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before the u.s. economy goes over the fiscal cliff, law marriages are pointing fingers and playing the blame game. >> mario monti is saying he's available to lead italy, but only for a party willing to push his economic agenda. >> but he has competition in the form of sylvia berlusconi, italy's former prime minister tells cnbc he feels a responsibility to run. >> translator: i feel the need to return to the political arena to prevent the country from being delivered into the hands of a leftist party. >> and the crowds are out, the stores are ringing up those sales. but u.s. shoppers, they may be running lower on holiday spirit and analysts are saying that they're spending less, as well. >>> if you're just tuning in, thank you so much for joining us on the show here. a bit of a pre-christmas special for you. these are how the markets are looking at the u.s. open. still looking very negative. we had a high volume session on friday where the markets pulled back about 1% across the board. the markets are still in positive tear over to. but nonetheless, the negative sentiment around the
'll see estate taxes go up, investment taxes go up. there is an endless list of expiring provisions of law that will, in fact, expire if nothing is done. and i think even if something is done at this point, what you're looking at is something very scaled back, something very small and congress will have to come back next year and take a look at trying to get to some of those other issues. >> alistair here. that sounds about right to me, assuming that that scenario is how things play out. what sort of impact medium term do you think this is going to have on consumer and corporate confidence in america, given that the fiscal cliff is clearly weighed heavily on both of those in recent months? >> the sad thing, you know, from an observer's standpoint here is that there isn't much corporate or consumer confidence in the american government. and it's proved itself dysfunctional time and again over the last couple of years. what you hear now is not how people believe that there's going to be some last-minute deal, but how they remember the times that the t.a.r.p. bill, the fiscal bailout a few ye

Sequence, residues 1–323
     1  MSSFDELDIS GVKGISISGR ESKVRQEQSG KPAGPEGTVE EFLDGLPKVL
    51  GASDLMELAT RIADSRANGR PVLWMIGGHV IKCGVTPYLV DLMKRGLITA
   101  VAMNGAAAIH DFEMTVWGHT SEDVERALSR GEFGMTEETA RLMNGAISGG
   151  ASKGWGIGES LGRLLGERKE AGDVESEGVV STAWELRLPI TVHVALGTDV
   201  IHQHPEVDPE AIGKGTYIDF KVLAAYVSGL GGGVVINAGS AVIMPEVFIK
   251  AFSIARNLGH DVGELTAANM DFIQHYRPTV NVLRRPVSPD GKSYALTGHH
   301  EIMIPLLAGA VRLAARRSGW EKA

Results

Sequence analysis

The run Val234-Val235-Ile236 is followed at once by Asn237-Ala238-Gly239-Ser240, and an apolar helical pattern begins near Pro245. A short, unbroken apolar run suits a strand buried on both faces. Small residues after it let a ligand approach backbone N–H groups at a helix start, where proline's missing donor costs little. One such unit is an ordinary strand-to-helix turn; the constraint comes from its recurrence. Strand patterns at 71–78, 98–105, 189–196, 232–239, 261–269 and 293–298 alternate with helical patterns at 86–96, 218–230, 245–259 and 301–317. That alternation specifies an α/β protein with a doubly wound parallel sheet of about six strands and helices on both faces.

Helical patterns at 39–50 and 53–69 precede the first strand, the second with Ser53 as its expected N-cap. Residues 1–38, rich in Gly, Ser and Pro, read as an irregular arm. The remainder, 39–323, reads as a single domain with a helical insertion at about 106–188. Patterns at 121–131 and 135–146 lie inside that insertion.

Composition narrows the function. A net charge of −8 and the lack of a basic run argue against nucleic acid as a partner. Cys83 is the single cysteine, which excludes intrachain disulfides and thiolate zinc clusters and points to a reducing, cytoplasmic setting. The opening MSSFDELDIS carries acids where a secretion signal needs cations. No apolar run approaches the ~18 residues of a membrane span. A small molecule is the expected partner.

for the issues that are bought once the law gets changed? >> nobody knows for sure. that brings up a very important point, which is historically, the treasury department has never imposed taxes on anything retroactively. so this would be a very bad precedent if they decide to apply this to existing bonds that are currently outstanding. what they ought to do is apply this, if they're going to do it, on a foregoing basis, the bonds issued after january 1st, 2013, for example. >> we're showing the picture of the mub, the etf that tracks the municipal bond market. we've seen it decline since the beginning of roughly december. i think a lot of people are concerned about this. but your point is, that perhaps if you buy this year, the treasury would not put taxes on those holdings, correct? which could be a good time to buy muni bonds. >> you're playing a gamble on whether or not the treasury is going to protect you for this year or not. personally, i'm a little bit more worried about the fact that the taxes could apply retroactively. just because of the nature of the way this would work. what's
Search Results 0 to 2 of about 3